The story of Yasmin (a pseudonym) was difficult from the very start. She was born in Jaffa to her Jewish mother and Arab father at the start of the first intifada, which became the source of continued fights between the two until they divorced three years later.
Her father forced her mother to give up custody and limited her exposure to Yassin to one visit a month. A few years later, he married a Muslim woman and Yasmin was sent to an Arab school, learned Islam and conducted her life as a Muslim in every sense of the word.
Her connection to her Jewish mother grew gradually weaker, dropping to periodic phone calls, always at the mother's request, and then finally stopping altogether.
Yasmin's life took a turn for the worse two years ago when her father decided to marry her off to a criminal he'd sat in jail with. The youth, from Umm el Fahm, had a long criminal record and had teamed up with her father in a range of illegal activities. Yasmin's marriage was difficult from the first moment. When she discussed the problems with her father he made it clear that she was to obey his instructions and those of her new husband, otherwise physical harm would come to her in the context of "family honor." At first, Yasmin swallowed the bitter pill, but soon realized that she couldn't hold out for long and needed to put an end to the disastrous marriage.
Yasmin tried to renew contact with her Jewish mother, but by this time she was afraid to get involved, leaving Yasmin to feel utterly alone in the world. It was at this low point in her life that she came across the web site of Yad L'Achim and understood that the organization was her only chance for escape. She called its emergency hotline, told the short version of her story and left her number.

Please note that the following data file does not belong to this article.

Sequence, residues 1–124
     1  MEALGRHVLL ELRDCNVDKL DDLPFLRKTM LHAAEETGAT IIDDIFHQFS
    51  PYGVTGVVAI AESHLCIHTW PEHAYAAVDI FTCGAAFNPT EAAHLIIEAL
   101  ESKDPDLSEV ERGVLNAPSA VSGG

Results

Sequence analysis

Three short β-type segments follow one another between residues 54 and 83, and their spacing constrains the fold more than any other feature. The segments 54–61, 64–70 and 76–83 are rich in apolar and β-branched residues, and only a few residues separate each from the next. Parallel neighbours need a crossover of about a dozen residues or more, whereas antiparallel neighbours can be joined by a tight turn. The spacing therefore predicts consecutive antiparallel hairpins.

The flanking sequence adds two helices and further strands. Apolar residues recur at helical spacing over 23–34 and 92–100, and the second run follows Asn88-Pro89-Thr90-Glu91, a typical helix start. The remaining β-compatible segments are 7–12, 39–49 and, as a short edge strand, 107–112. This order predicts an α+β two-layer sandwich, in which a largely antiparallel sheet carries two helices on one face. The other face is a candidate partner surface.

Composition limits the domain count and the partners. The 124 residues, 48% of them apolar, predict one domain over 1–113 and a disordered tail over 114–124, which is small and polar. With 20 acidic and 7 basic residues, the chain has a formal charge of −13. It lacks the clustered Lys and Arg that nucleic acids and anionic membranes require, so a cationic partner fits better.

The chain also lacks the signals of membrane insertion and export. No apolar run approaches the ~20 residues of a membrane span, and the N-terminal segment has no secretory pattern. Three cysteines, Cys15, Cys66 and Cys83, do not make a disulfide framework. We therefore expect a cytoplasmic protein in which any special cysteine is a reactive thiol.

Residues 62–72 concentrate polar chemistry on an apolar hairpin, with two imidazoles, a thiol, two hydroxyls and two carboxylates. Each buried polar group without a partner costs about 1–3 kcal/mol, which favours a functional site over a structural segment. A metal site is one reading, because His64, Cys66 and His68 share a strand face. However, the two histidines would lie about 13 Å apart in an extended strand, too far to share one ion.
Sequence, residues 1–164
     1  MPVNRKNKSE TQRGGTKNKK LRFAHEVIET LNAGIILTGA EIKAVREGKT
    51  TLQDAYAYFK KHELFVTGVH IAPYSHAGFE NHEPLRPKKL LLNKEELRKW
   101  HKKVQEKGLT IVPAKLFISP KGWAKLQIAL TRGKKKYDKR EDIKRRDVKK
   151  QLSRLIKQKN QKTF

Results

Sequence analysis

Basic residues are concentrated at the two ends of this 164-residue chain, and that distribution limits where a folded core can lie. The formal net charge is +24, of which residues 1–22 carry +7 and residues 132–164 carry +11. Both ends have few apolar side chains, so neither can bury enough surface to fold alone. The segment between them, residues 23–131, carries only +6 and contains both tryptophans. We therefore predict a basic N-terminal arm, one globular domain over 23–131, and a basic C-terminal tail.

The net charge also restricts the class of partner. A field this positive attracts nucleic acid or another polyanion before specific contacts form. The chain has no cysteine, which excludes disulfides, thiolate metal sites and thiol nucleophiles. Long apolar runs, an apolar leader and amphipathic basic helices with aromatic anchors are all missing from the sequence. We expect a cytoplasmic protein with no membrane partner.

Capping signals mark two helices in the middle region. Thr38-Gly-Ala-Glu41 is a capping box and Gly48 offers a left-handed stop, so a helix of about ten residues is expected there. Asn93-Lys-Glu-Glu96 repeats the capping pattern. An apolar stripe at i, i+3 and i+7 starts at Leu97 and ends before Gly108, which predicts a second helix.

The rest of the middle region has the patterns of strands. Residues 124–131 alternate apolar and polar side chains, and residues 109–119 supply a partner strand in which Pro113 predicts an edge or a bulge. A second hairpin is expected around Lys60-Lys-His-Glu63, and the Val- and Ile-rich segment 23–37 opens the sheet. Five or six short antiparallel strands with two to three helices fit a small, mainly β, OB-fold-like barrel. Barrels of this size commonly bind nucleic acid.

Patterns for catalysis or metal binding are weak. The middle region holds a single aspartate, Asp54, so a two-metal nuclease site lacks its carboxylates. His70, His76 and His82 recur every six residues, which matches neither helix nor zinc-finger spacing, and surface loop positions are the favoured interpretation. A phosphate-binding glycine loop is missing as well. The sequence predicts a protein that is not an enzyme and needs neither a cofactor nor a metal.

The details were passed on to one of the organization's social workers who, behind the back of the husband and in difficult conditions, established a connection with Yasmin.
One week later, when the plans for a rescue were advancing, something happened that put Yasmin's life in jeopardy.
As a prelude to her getaway, she went to her husband's safe and retrieved her identity card, driver's license and a check in the amount of several thousand shekels that had been given to her for wedding and could still be cashed.
When her husband discovered what she'd done, he took to her to the dunes of Bat Yam and fired two shots in the air, warning, "If you run away, the next bullet will be in your head." He then took her cell phone and smashed it, adding, "You will no longer be able to contact the outside world."
Late that night, when her husband left home to engage in criminal activity, certain that his Jewish wife wouldn't dare run away, Yasmin gathered up her few belongings and left. She asked a Jewish passerby for permission to use his phone, and called her contact woman at Yad L'Achim, pleading that she send the organization's security team to come pick her up.
Members of the team, who were roused from their sleep, got to Yasmin within 50 minutes and spirited her off to a secret safe house in the south of the country.
Yasmin remained confined to the safe house for half a year, with the exception of a few limited excursions in the company of Yad L'Achim security agents. To help her open a new page in her life, the organization's social workers taught her to read and write Hebrew and the fundamentals of Judaism.
Five weeks ago, there was a breakthrough: Yasmin's husband was arrested while in possession of many kilos of dangerous substances and has been jailed for violating his probation conditions. He is expected to receive a lengthy sentence. Her father was also arrested.
Only now, with the threat on her life removed, Yasmin is allowing herself to leave the safe house and experience the outside world freely.
"The extended stay in the safe house wasn't easy for me, but I felt I was getting my life back," she says. "For the first time I was getting to know my religion, Judaism, and fulfilling mitzvos. I want to create a kosher home. Now that my father and former husband are under lock and key, I am free to make significant progress in my new life, without fear and trepidation."